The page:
Online Access
Free
Resource Link
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Structural Timber Design in Curricula of Canadian Universities: Current Status and Future Needs

https://research.thinkwood.com/en/permalink/catalogue2879
Year of Publication
2021
Topic
General Information
Application
Wood Building Systems
Author
Daneshvar, Hossein
Goni, Tahiat
Zhang, Sigong
Kelterborn, Reed
Chui, Ying Hei
Organization
University of Alberta
University of Exeter
Publisher
MDPI
Year of Publication
2021
Format
Journal Article
Application
Wood Building Systems
Topic
General Information
Keywords
Education
Timber Engineering
Sustainability
Survey
Decision Matrix
Research Status
Complete
Series
Education Sciences
Summary
Due to the efficiency, sustainability, and advances in firefighting technologies, the allowable height for wood buildings was increased from 4 to 6 storeys in 2015 and will be further increased to 12 storeys in the 2020 edition of the National Building Code of Canada, as a result of the advent and application of mass timber products. To match the development in the industry and the increasing need in the market for highly skilled timber engineers, structural timber design curricula at the university level must evolve to train the next generation of practitioners. At most Canadian universities, structural timber design courses are mainly provided in civil engineering departments. In this study, 31 accredited civil engineering programs in Canada were reviewed for structural wood design content at undergraduate and graduate levels based on two surveys conducted in 2018 and 2020. In the 2018 survey, the percentage of structural timber design content was estimated and compared with other engineering materials (e.g., steel, concrete, and masonry), and a similar survey was repeated in 2020 to determine if any significant changes had occurred. In early 2021, two complementary questionnaires were sent to the instructors of timber-related courses across the country to collect quantitative information, including enrollment statistics, percentage dedicated to timber design in combined material courses, and potential topics deemed critical to support the design of modern timber structures. Based on the responses provided, and also on the availability of resources and the research ongoing, the content for five advanced-level courses is proposed to address the needs of the timber design community. The findings presented in this paper will assist the timber industry, government agencies, and educational institutions in effecting potential changes to university curricula to educate the next generation of timber design professionals who will possess the necessary skills and knowledge to meet the challenges in designing modern mass timber structures.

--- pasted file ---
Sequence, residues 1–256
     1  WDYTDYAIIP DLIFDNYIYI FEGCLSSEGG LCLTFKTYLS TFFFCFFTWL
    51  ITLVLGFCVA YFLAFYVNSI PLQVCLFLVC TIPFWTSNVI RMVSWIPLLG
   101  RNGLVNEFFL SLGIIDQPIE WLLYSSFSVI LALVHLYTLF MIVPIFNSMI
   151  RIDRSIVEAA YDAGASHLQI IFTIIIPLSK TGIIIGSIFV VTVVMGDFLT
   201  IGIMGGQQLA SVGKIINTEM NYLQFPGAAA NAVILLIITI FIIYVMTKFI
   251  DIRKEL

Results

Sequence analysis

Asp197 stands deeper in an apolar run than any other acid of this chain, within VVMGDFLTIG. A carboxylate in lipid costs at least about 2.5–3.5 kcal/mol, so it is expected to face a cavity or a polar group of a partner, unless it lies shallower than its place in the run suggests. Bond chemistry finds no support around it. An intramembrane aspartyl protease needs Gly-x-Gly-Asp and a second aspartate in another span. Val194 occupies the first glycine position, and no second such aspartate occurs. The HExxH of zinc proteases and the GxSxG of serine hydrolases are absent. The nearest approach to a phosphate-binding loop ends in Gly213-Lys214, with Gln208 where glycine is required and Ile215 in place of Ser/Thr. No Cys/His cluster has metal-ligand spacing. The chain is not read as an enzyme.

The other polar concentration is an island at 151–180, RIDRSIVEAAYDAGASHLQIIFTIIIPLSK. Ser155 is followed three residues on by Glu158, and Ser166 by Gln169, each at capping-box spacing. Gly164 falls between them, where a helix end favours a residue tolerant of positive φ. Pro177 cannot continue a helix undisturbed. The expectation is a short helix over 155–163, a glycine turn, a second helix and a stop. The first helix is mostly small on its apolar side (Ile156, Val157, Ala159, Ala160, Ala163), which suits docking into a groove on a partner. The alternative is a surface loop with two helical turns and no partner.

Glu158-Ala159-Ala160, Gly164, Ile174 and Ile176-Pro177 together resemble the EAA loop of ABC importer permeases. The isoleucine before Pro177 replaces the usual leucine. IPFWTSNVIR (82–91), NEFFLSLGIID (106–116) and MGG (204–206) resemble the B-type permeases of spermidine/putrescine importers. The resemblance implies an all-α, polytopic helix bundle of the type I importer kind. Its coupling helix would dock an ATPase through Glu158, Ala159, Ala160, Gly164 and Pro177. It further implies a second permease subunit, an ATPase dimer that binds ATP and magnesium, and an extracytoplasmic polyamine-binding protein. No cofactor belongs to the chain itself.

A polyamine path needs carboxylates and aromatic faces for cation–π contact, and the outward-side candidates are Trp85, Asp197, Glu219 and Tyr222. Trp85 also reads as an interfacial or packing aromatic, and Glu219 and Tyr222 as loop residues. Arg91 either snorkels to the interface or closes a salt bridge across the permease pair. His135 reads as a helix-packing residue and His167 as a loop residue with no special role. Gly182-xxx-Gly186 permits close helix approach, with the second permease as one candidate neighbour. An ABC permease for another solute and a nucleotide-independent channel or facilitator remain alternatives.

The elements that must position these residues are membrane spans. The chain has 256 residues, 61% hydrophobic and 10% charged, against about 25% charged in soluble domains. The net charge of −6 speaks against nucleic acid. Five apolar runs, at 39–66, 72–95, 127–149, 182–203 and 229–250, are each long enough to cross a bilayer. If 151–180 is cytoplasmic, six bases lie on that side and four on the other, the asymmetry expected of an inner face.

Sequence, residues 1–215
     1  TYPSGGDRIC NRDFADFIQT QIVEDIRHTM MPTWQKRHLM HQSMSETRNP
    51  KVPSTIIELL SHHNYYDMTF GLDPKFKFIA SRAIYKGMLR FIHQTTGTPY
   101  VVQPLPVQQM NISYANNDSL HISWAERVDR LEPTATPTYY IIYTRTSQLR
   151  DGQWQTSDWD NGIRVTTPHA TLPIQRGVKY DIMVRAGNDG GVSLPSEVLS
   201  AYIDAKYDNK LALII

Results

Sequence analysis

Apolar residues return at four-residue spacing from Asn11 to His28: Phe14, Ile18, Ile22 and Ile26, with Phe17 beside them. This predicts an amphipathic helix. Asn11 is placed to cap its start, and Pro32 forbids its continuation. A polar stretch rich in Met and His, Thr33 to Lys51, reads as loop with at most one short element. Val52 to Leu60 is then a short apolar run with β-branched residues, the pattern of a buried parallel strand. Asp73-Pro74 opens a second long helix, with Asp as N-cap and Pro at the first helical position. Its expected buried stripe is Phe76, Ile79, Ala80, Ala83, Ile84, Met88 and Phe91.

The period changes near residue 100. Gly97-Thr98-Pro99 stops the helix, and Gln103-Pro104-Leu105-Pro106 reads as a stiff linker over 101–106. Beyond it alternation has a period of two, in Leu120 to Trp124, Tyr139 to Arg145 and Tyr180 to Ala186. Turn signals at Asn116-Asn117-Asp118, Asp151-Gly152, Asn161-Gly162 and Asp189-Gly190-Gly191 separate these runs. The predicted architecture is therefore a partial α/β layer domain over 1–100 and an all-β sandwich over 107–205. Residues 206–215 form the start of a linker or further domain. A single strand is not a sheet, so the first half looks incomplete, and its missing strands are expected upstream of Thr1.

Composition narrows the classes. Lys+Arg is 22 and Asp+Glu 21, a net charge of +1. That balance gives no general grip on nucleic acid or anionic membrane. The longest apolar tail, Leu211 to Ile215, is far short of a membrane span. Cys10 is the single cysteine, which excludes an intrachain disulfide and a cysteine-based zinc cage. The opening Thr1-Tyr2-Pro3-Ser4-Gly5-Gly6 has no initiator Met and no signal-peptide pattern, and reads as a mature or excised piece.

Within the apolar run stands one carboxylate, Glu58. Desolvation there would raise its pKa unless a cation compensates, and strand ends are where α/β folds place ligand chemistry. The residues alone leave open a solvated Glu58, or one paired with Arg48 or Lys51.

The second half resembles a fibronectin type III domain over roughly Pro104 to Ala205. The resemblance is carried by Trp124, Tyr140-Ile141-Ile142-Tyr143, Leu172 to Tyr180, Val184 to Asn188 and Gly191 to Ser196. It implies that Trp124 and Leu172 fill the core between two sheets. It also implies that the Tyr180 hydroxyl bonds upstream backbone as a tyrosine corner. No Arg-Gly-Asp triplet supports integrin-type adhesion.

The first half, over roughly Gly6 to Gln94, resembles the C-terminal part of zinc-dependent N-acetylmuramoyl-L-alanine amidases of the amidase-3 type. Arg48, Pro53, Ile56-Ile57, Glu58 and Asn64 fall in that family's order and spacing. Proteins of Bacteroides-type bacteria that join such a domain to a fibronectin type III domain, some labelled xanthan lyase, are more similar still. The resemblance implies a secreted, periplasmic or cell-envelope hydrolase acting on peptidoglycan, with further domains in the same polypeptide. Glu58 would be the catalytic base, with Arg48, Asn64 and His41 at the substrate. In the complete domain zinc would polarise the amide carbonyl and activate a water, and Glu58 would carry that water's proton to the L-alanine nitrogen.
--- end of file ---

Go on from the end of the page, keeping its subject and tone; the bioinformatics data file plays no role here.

Online Access
Free
Resource Link